As I’m writing, it’s the first full day of Fall and Fall changes are certainly in the air. The temperature is down. The ever-present Summer humidity has evaporated. Gnats are being replaced by love bugs. And maybe, just maybe and hopefully, the huge Covid surge we’ve endured is going away. I am so ready. It’s time to move forward. What does that look like? Coming out of our holes, cautiously ending our isolation and hibernation, and, with caution, reengaging. It means, once again, practicing faithfulness.  I’ve been learning about faithfulness, more than ever, in these last months. So much depends on it. Here are a few things I’ve learned.

I’ve learned that the original language of scripture uses the same word for faithfulness as it does for faith and that means that having faith isn’t a one time transaction we make with God. Faith is an ongoing event. Faith is faithfulness.      

I’ve learned that everything, absolutely everything, is based on God’s faithfulness. The gospel, the astounding news that sins are forgiven, death is dead, and that we can truly come home is based on God’s faithfulness to every promise he ever made. I’ve learned that Jesus, his cross, his resurrection, are the revealing of God’s faithfulness to those promises. We all, because of Jesus, become the family of Abraham that blesses the world. Promise kept.      

I’ve learned that the cross does what it does, it works if you will, because of the faithfulness of Jesus. Here’s how the story goes. Adam, humanity, is made to live in connection with God. Adam abandons faithfulness and follows the serpent’s voice. He’s faithless. He loses his position. All the tragedies of the sin and death we know are loosed in the world. But Jesus, the new Adam, comes. The serpent tempts him too. But Jesus is faithful. The serpent tries to destroy him. But Jesus is faithful. When he has been abandoned by everyone, even by his Father, it seems, Jesus remains faithful, to his Father, to his call, to his purpose, all the way to being crushed and killed. That faithfulness that reclaims everything. What was given away is regained. God, finally, has a faithful partner, a new Adam. The serpent loses his power. The old sins are forgiven. Death loses its grip. The faithfulness of Jesus wins everything back.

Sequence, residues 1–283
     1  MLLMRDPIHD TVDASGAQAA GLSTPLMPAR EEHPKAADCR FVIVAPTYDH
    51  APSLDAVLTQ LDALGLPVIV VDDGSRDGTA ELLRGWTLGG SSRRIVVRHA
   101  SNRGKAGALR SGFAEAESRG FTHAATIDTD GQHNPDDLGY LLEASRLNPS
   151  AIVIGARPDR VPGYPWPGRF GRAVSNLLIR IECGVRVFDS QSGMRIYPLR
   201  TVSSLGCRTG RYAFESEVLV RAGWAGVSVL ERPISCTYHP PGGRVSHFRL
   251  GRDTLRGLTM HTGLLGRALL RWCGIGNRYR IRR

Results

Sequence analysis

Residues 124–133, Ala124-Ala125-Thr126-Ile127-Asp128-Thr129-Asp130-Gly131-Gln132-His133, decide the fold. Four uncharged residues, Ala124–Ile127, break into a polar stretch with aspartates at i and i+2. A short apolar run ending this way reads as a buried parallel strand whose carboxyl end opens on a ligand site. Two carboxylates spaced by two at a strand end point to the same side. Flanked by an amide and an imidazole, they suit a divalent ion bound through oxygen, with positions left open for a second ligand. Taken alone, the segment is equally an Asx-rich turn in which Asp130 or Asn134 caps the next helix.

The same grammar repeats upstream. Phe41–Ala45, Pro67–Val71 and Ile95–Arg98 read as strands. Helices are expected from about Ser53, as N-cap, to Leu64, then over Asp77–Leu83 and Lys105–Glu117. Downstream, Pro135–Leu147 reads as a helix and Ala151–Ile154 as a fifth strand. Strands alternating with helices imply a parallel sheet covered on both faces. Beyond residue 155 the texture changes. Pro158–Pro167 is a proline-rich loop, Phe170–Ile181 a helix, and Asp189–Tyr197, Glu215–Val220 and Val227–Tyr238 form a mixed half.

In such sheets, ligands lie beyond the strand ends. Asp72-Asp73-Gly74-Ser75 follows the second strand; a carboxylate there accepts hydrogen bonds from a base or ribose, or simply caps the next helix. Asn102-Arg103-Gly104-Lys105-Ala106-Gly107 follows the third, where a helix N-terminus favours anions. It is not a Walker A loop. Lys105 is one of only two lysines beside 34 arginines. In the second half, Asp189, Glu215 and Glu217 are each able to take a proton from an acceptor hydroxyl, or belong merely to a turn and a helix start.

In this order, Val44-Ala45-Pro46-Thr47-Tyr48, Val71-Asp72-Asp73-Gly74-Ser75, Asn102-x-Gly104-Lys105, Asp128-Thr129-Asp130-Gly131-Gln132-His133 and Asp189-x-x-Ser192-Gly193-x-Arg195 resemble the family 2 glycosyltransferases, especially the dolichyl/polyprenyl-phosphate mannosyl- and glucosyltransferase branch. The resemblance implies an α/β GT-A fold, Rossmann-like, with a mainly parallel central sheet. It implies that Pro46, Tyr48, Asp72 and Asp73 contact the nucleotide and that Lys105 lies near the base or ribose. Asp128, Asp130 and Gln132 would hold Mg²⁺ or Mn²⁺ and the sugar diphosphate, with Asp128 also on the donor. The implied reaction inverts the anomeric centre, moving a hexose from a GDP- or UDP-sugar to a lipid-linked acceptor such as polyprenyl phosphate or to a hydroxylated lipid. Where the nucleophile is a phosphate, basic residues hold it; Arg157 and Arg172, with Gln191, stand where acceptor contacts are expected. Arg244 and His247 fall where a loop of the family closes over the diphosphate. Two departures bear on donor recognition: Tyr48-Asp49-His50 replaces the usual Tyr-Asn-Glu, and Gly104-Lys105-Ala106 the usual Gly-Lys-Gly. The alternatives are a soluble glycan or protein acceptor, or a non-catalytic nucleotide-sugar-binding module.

And I’ve learned that faithfulness in everything is required of us. It’s our faithfulness to death, too, that makes us like Christ. Faithfulness in all things, even in and to our church. Today it’s considered normal to treat a church like we treat restaurants. We go to whichever one we fancy, this one for a while and then that one or that one. We can’t do that. We have to be faithful and planted in one. That’s how we grow. Eugene Peterson called it “A long obedience in the same direction.” St. Benedict called it “stability” and required all who joined his monasteries to vow it. Before Benedict monks would frequently jump from monastery to monastery, staying a year or two here or there, looking for something elusive like a more spiritual leader or a place where they could “have their needs met.” Benedict discovered they were most likely running from their own issues and knew the only way to face those issues was to stay. So the “vow of stability” became one of Benedict’s rules. Monks who joined vowed to stay in one monastery for the rest of their lives. To this day that’s what Benedictine monks do. And it’s what we need to do. We need to practice faithfulness. It forces us to grow. Be faithful. In attending. In listening to the Word and living it. In giving and supporting financially. In serving. In loving each other, even people like me. In standing with each other and for each other. Faithfulness to our church develops and reveals our character. Be faithful. Always. Just like your Father.